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Journal of Nanomaterials
Volume 2016, Article ID 4591634, 8 pages
Review Article

Antiviral Nanodelivery Systems: Current Trends in Acyclovir Administration

1Department of Human Anatomy, Faculty of Medicine and Health Sciences, Universiti Putra Malaysia (UPM), 43400 Serdang, Selangor, Malaysia
2Centre for Drug Delivery Research, Faculty of Pharmacy, Universiti Kebangsaan Malaysia, Jalan Raja Muda Abdul Aziz, 50300 Kuala Lumpur, Malaysia
3Faculty of Pharmacy & Health Sciences, Universiti Kuala Lumpur Royal College of Medicine Perak, No. 3, Jalan Greentown, 30450 Ipoh, Perak, Malaysia

Received 4 April 2016; Revised 19 July 2016; Accepted 25 July 2016

Academic Editor: Changyang Gong

Copyright © 2016 Haniza Hassan et al. This is an open access article distributed under the Creative Commons Attribution License, which permits unrestricted use, distribution, and reproduction in any medium, provided the original work is properly cited.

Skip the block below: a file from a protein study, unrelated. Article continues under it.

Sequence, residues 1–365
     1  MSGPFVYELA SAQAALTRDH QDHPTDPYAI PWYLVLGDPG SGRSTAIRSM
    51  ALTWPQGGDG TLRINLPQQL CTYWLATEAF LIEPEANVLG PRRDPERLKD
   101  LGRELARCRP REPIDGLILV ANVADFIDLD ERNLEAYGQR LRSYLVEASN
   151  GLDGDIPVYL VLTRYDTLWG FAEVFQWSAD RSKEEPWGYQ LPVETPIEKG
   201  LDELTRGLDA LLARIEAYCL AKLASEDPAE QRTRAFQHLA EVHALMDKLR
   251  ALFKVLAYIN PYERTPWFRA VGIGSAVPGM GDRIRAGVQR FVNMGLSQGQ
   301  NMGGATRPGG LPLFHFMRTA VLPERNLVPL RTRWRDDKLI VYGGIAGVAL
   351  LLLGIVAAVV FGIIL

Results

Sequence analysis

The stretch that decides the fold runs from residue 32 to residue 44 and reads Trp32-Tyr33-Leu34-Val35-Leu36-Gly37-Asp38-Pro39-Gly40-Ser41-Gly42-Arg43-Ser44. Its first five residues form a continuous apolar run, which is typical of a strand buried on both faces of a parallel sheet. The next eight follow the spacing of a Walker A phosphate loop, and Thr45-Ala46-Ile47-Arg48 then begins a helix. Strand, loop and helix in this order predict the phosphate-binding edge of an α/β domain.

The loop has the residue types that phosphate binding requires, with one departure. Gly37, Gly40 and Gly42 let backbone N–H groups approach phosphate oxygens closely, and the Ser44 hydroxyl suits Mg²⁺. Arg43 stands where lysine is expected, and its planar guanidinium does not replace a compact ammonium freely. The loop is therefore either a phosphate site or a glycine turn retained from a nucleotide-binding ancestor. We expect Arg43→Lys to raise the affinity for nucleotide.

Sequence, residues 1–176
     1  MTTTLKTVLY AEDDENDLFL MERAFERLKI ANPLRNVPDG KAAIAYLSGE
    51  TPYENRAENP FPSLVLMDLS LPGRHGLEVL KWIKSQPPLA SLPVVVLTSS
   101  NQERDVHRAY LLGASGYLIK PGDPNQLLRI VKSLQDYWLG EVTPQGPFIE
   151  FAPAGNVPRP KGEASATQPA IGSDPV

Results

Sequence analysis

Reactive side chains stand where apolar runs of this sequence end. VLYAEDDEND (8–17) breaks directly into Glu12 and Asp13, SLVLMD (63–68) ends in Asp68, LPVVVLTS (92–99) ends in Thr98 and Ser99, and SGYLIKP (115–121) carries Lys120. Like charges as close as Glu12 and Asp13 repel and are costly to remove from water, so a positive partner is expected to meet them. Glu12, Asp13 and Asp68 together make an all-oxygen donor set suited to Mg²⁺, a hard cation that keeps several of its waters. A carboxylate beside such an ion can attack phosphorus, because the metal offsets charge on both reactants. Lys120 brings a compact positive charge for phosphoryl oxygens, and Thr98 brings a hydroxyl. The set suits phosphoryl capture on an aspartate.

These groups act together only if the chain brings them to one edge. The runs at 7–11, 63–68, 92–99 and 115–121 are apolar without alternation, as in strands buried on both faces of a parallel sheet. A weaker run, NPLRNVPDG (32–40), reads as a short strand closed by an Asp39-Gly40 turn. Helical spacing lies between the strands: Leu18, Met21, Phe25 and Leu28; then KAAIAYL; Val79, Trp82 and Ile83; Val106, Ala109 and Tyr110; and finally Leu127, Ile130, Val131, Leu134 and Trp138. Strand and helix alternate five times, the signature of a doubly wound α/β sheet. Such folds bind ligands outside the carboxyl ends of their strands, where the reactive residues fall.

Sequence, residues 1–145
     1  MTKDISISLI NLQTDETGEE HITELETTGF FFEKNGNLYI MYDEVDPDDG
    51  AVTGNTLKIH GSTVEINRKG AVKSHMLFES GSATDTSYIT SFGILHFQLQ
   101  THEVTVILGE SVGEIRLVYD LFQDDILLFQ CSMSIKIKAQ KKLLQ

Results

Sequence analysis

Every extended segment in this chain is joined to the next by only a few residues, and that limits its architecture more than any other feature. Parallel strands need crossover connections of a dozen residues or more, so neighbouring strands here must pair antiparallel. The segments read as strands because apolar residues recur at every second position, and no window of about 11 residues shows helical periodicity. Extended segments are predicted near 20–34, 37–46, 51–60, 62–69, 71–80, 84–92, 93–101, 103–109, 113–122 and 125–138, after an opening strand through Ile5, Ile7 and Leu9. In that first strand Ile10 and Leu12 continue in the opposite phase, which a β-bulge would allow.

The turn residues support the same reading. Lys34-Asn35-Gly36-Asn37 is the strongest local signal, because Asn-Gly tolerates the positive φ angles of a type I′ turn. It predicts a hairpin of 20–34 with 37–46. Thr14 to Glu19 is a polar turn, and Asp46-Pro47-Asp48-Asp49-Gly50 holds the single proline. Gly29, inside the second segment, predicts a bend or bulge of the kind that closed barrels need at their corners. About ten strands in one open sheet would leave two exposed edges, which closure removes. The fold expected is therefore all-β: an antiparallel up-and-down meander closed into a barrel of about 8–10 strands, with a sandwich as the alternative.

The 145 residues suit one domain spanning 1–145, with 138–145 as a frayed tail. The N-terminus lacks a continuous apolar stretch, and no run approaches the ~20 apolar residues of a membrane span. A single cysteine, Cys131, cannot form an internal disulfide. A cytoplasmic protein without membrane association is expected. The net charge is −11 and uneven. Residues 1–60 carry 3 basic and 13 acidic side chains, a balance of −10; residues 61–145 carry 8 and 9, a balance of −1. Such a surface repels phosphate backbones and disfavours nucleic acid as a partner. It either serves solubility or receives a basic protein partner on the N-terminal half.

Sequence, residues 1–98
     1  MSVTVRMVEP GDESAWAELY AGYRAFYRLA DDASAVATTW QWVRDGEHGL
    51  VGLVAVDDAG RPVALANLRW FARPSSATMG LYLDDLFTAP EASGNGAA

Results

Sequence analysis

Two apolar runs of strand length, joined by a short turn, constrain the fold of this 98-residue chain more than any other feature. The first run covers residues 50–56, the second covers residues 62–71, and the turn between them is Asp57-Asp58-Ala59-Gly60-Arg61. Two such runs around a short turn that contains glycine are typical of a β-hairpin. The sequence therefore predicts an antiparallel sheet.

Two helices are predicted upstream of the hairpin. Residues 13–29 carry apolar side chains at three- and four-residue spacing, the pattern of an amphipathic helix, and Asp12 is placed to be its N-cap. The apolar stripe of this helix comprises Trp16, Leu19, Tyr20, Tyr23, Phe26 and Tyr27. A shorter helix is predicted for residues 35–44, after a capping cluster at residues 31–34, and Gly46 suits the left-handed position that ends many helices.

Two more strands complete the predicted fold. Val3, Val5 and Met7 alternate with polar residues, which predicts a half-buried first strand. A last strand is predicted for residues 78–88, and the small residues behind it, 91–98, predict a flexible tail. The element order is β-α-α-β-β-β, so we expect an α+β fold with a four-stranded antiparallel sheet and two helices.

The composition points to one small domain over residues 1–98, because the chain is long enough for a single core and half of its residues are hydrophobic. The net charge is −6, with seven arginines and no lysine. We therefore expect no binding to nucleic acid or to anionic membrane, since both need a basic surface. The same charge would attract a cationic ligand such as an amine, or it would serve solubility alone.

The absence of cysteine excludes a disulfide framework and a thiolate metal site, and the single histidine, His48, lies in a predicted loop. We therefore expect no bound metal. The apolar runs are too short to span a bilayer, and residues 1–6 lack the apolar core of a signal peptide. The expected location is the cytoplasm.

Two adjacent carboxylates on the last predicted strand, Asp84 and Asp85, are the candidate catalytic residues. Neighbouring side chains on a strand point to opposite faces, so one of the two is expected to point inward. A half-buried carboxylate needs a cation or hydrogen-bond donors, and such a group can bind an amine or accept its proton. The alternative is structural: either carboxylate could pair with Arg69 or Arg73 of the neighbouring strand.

Poor bioavailability of acyclovir in the treatment of viral infections remains one of the major drug delivery concerns of pharmaceutical manufacturers and researchers. Nanoparticulate systems have been exploited with the aim of improving the current pharmacological limitations of acyclovir administration. In fact, nanoparticles do offer many advantages, especially in terms of their physicochemical stability and sustained-release properties. Besides, they are made of biocompatible materials, which are nontoxic to cells. Acyclovir has been a focus since the last decade as one of the low bioavailability drug models loaded in various types of newly synthesized drug delivery vehicles. In this review, compositions and formulations of nanosized acyclovir particles, as well as their stability and pharmacokinetic profile, are discussed in further detail.